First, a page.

A state lawmaker wants to give employees who work at the New Hampshire Statehouse the same protections afforded to their counterparts in other public sector jobs across the state.
Right now, New Hampshire's public employee labor act applies to employees at state agencies, the judicial branch, the state university system and other public bodies. But the employees who work at the Statehouse are left out.
Rep. Renny Cushing, of Hampton, says that leaves legislative staffers with limited protections when it comes to sexual harassment or other issues within their work environment — because their bosses are state legislators, who are only disciplined in rare circumstances.
A bill he plans to introduce next session would allow those staffers to take steps toward a collective bargaining agreement and would allow them to bring forward issues about workplace incidents before the public employee labor relations board.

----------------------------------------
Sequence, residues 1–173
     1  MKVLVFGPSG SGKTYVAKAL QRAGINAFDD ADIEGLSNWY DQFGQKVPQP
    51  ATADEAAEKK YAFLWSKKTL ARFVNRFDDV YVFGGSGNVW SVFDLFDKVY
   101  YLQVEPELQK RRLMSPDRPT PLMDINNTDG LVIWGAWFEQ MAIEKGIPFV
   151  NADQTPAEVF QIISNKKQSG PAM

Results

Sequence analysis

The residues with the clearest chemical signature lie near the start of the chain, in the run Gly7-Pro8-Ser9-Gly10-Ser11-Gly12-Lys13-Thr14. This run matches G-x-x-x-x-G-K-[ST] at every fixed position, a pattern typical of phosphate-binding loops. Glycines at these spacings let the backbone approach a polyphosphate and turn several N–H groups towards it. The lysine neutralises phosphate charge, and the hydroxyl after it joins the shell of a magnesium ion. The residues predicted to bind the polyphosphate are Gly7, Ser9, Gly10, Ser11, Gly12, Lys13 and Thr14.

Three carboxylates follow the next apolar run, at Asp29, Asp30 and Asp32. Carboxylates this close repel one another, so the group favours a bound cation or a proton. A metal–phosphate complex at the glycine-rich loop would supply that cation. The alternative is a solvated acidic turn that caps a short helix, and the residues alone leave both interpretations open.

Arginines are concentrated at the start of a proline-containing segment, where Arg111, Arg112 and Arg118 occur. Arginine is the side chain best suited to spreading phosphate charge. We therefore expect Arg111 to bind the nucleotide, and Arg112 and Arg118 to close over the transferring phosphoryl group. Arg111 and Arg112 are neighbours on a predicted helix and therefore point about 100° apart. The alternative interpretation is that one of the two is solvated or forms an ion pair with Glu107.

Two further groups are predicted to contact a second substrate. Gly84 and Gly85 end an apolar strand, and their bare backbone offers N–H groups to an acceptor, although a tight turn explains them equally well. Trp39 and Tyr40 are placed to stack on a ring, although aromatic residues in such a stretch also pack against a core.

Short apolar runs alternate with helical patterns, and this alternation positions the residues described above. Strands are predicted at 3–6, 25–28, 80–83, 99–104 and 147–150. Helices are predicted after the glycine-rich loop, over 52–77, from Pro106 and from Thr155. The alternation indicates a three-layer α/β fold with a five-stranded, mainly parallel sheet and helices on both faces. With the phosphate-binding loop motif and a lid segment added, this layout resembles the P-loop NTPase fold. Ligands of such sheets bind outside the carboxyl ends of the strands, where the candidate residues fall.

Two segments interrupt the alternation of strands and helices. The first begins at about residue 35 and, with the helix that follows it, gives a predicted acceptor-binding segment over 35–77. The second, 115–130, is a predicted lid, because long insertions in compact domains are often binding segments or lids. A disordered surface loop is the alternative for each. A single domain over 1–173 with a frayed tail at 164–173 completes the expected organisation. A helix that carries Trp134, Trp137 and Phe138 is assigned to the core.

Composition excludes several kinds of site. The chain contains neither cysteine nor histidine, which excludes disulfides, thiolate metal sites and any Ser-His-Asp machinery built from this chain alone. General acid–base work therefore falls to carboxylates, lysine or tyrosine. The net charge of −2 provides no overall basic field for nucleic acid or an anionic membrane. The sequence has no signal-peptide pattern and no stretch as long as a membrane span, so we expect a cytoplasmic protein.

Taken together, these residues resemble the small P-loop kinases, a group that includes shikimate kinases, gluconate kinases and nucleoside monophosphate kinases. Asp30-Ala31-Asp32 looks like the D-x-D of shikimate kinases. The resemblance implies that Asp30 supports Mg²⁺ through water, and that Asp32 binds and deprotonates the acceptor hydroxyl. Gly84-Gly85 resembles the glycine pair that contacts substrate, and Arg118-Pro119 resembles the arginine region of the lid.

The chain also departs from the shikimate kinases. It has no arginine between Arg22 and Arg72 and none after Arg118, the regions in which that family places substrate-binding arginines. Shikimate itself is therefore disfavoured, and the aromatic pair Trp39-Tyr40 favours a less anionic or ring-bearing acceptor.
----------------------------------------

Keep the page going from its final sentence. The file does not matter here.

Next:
“It would provide the opportunity for legislative employees to band together to work under a contract that would have specific protections against acts of discrimination or retaliation, including sexual harassment," Cushing says.
While legislative employees can report such incidents to the Legislative Ethics Committee or legislative leadership, Cushing says legislators are seldom held accountable for their actions.
“It's important that we have a uniform policy among public employees that treats them with dignity and respect,” Cushing says. “I think the reason we haven't had this law change is because the Legislature does not want to surrender its absolute authority over its employees.”